Monday, 1 January 2018

ALBUM REVIEW - The Wailin' Jennys - Fifteen : True North Records

What more gentler way could be needed to ease you into a new year than the cherubic tones of Canadian folk super group The Wailin' Jennys. Maybe prolific is not a tag to label this loose trio, with each recording over their fifteen-year existence being as sparse in its frequency as to the sound it heavily relies on. However, to get notification that an ‘out the blue’ recording was to hit the shelves here in the UK in the first week of January was the perfect tonic to launch another twelve months of music musings. FIFTEEN may not win prizes for subtleties in the album title, but who is judging when the harmonious voices of Ruth Moody, Nicky Mehta and Heather Masse are in unison.

Nine tracks and thirty-five minutes is not a too demanding task to savour the elegance of this release. To think about it, doubling both factors would hardly be an arduous act, but let’s not get greedy and just rejoice that the trio are back in recording mode for the first time since 2011. Not that the intervening years haven’t been musically fertile, with perhaps more focus on the solo work of Ruth Moody. On the other hand, there is something soothing about the sensitive harmony and this record has plenty to feast on.

The subject material for this anniversary release has steered away from the original song. Dips into the traditional domain, coupled with both familiar and unfamiliar covers from a broad range of artists have proved rich pickings for an album once again released under the True North Records umbrella; an outlet for so much good Canadian music over the years. For the pick of the tracks, it is hard to look past their take on the Emmylou Harris classic ‘Boulder to Birmingham’. Maybe, this is far from a left field choice, but the version stays true to the eminence of the original with just the slightest of subtle twists on the chorus focal line.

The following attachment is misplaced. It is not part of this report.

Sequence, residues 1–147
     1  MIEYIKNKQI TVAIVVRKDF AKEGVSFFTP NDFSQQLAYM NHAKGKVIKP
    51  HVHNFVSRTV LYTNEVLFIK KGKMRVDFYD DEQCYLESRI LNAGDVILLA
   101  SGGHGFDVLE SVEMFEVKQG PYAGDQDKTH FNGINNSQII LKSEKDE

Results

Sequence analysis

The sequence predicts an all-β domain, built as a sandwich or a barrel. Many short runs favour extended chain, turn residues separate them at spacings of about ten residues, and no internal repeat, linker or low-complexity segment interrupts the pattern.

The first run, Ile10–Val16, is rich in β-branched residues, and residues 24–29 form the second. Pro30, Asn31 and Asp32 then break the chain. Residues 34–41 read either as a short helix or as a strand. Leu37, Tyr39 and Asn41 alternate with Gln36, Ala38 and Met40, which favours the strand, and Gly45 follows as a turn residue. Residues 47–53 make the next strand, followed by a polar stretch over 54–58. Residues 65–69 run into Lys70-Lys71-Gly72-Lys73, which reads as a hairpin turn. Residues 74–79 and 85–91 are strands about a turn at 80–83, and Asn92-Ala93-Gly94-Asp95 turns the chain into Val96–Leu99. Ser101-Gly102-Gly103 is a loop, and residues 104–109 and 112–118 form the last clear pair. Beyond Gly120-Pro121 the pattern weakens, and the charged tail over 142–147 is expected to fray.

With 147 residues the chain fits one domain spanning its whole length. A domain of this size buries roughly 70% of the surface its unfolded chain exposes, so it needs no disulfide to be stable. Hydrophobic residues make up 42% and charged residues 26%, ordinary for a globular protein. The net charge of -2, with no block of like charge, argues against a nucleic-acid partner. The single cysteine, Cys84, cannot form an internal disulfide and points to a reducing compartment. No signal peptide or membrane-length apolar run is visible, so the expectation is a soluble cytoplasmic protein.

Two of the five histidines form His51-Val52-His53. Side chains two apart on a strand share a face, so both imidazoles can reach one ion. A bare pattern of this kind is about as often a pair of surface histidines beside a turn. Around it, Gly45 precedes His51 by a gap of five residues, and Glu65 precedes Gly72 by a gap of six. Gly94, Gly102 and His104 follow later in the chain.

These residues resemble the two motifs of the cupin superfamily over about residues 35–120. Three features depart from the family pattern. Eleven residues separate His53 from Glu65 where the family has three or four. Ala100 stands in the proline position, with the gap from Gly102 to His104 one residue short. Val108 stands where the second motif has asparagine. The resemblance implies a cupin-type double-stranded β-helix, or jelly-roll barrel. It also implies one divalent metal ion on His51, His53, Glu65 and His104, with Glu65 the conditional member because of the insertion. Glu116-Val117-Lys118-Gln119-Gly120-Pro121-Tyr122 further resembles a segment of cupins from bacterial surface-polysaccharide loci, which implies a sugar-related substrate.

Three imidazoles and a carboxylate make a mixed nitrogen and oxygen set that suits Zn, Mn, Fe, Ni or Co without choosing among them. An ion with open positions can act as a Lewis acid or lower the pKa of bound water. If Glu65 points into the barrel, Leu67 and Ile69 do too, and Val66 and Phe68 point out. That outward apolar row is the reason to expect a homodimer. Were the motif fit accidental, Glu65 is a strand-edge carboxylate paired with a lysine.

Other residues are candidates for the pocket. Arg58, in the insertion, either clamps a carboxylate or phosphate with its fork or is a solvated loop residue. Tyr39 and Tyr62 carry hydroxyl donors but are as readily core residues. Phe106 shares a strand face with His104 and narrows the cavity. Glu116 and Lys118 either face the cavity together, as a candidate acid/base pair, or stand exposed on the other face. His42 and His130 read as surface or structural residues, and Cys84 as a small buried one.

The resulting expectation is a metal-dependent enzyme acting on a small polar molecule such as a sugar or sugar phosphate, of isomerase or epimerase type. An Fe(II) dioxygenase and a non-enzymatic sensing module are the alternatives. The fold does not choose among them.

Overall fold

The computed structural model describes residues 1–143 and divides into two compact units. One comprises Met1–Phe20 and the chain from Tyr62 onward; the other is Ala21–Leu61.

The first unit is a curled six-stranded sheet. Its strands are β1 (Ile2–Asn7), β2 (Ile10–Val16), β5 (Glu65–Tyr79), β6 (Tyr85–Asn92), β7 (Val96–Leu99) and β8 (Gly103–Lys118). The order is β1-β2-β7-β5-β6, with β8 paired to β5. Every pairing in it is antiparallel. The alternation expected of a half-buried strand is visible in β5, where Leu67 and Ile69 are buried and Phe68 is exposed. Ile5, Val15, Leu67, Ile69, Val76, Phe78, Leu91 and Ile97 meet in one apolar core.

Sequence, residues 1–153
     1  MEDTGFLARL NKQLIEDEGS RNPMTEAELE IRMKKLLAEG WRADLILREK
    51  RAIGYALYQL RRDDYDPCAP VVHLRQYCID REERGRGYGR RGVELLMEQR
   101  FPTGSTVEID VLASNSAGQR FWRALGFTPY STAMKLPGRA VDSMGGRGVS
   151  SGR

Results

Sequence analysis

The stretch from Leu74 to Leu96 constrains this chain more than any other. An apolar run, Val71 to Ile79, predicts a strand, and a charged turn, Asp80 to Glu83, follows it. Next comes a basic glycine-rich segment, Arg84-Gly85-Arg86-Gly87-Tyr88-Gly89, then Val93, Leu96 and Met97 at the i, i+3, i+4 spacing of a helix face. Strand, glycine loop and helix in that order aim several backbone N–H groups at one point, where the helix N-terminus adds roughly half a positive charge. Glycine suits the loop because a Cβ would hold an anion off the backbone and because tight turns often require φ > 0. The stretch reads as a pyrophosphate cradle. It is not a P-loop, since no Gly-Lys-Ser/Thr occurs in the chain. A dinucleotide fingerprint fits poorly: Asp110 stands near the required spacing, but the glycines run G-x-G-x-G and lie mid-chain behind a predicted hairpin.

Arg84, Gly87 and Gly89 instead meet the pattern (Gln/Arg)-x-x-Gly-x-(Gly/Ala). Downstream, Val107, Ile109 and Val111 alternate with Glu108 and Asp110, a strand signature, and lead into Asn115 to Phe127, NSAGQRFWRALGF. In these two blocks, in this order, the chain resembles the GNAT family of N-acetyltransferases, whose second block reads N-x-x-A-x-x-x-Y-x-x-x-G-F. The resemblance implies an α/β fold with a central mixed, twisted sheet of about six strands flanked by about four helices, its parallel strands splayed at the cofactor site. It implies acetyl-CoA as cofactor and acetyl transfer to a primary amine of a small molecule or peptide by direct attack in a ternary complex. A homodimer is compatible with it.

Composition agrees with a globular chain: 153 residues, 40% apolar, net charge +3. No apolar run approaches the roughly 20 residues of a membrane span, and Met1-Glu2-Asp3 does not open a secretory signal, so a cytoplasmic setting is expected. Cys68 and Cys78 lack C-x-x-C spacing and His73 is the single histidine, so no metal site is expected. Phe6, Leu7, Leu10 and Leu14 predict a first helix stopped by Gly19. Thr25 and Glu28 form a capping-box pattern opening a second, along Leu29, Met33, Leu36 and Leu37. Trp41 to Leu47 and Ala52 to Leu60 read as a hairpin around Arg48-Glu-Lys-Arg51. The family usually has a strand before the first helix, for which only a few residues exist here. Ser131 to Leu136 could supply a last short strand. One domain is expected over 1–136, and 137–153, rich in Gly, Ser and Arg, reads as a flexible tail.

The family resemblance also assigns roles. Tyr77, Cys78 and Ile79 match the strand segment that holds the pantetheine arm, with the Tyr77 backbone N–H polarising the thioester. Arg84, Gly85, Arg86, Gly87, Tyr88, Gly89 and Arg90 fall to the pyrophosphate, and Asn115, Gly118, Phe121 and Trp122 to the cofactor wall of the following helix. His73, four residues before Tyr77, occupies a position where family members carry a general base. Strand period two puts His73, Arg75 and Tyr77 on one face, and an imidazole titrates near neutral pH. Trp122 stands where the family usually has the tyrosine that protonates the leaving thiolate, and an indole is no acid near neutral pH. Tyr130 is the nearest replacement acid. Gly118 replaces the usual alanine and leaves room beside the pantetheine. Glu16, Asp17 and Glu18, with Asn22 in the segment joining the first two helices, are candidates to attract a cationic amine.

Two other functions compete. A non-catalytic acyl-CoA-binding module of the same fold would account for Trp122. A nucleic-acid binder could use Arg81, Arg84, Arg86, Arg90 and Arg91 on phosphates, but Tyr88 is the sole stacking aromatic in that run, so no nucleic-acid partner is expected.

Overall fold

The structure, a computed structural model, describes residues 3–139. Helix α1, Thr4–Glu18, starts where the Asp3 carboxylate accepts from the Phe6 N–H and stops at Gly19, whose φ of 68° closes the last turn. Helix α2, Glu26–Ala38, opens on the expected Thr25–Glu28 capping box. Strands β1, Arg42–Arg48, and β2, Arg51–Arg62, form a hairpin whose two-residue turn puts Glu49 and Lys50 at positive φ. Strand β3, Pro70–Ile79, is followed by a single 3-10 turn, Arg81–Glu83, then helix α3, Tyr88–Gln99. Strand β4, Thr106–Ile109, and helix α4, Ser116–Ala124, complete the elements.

Photo by Morten Fog
Closely following this highlight is an A Capella take on Dolly Parton’s ‘Light of a Clear Blue Morning’, which lifts the listener into a crystal stratosphere. If you think the sources for the first two mentioned tracks are cut from a certain crust, subsequent leanings towards the works of Tom Petty, Patty Griffin, Paul Simon and Warren Zevon in other offerings, confirm the legendary status of the influences. Perhaps, the most interesting addition to the line-up, is the post-humus Hank Williams song, ‘Weary Blues from Waitin’’, which closes the album in the same distinguished way that it opened half hour previously. 

That opening moment is more in-synch with the trademark Wailin' Jennys that we were introduced to via their seminal recordings of the mid-2000s. The traditional ‘Old Churchyard’ has a very English feel to it, a sound that graced many a venue over here during the period when the group were more active on the live front. One significant evening from their many tours of the day was a show at the Huntingdon Hall in Worcester, complete with a stunning version of ‘The Parting Glass’ ensuring the gig memory never faded. Despite a couple of early line-up changes with Cara Luft and Annabelle Chvostek passing through on the way to successful solo careers, the current trio of Ruth, Nicky and Heather has been in place for around a decade and maybe the issuing of FIFTEEN can herald a new age of overseas Wailin’ Jennys touring.

A bold start to a new era is doused in the timeless and minimalist serenity that soaks the songs bestowed with the glorious Wailin' Jennys treatment. If you want three blended voices to take with you on your musical excursion then this trio will most oblige. An unblemished start to what will undoubtedly be another fine year of inspirational music. 




TRACK LISTING 

1.   Old Churchyard (3:15)
2.   Wildflowers (3:42)   
3.   The Valley (5:48)   
4.   Light of a Clear Blue Morning    (4:27) 
5.   Loves Me Like a Rock (2:26)   
6.   Boulder to Birmingham (3:20)   
7.   Not Alone (4:39)   
8.   Keep Me in Your Heart (3:37)   
9.   Weary Blues From Waitin’ (3:13)

More album info

No comments:

Post a Comment